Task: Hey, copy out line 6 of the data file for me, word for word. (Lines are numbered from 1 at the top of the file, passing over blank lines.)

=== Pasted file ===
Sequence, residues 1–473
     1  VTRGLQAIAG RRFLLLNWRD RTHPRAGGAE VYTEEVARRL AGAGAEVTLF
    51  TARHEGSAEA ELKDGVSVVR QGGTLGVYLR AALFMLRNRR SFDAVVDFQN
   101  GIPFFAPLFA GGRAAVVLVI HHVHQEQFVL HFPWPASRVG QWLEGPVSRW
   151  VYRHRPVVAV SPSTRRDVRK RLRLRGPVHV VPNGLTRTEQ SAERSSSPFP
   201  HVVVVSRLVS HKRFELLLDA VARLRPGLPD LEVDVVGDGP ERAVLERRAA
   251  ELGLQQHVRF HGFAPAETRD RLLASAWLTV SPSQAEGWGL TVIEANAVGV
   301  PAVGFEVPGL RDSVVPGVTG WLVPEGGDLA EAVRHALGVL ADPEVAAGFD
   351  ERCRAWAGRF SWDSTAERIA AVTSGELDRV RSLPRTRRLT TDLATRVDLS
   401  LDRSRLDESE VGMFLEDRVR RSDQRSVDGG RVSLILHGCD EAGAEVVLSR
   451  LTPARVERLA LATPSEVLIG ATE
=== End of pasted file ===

   201  HVVVVSRLVS HKRFELLLDA VARLRPGLPD LEVDVVGDGP ERAVLERRAA